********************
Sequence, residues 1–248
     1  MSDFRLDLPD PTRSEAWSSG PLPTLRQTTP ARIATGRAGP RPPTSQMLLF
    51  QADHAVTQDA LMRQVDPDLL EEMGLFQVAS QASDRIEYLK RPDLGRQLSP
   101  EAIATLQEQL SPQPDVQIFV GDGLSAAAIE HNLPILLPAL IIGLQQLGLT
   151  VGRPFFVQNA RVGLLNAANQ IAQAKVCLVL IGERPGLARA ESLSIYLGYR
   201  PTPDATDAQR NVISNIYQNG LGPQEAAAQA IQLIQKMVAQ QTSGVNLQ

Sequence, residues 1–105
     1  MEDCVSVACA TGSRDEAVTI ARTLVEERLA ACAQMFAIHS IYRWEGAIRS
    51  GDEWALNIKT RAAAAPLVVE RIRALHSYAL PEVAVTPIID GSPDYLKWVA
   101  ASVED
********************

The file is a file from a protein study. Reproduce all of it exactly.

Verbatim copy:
Sequence, residues 1–248
     1  MSDFRLDLPD PTRSEAWSSG PLPTLRQTTP ARIATGRAGP RPPTSQMLLF
    51  QADHAVTQDA LMRQVDPDLL EEMGLFQVAS QASDRIEYLK RPDLGRQLSP
   101  EAIATLQEQL SPQPDVQIFV GDGLSAAAIE HNLPILLPAL IIGLQQLGLT
   151  VGRPFFVQNA RVGLLNAANQ IAQAKVCLVL IGERPGLARA ESLSIYLGYR
   201  PTPDATDAQR NVISNIYQNG LGPQEAAAQA IQLIQKMVAQ QTSGVNLQ

Sequence, residues 1–105
     1  MEDCVSVACA TGSRDEAVTI ARTLVEERLA ACAQMFAIHS IYRWEGAIRS
    51  GDEWALNIKT RAAAAPLVVE RIRALHSYAL PEVAVTPIID GSPDYLKWVA
   101  ASVED